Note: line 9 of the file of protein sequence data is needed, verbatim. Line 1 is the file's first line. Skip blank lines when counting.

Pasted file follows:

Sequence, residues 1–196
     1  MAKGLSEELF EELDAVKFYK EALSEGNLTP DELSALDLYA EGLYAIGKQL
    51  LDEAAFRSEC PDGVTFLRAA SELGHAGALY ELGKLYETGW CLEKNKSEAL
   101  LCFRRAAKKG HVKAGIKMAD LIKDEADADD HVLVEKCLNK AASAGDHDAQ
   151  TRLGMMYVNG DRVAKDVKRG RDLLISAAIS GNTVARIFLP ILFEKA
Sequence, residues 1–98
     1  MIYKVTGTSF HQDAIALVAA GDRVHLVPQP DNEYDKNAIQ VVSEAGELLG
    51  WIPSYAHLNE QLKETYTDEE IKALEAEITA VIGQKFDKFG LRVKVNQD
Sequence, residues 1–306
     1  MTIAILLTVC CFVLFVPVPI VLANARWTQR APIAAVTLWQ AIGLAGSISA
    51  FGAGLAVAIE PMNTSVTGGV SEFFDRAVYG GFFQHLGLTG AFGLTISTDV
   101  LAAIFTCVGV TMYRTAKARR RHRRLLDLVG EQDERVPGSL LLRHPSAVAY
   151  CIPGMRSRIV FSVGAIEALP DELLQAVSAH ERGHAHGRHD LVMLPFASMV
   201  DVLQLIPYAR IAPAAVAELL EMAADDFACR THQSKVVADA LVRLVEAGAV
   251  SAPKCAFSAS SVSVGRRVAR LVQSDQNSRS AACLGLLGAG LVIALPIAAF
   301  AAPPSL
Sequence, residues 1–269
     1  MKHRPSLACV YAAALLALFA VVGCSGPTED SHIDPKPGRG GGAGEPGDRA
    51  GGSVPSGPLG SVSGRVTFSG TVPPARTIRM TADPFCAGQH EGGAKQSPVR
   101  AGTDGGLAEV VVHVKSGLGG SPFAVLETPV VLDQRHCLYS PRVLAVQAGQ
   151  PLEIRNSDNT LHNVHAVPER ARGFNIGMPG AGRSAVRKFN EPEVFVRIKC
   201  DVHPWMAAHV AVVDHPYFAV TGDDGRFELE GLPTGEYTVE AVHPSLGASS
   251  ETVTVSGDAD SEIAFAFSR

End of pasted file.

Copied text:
Sequence, residues 1–306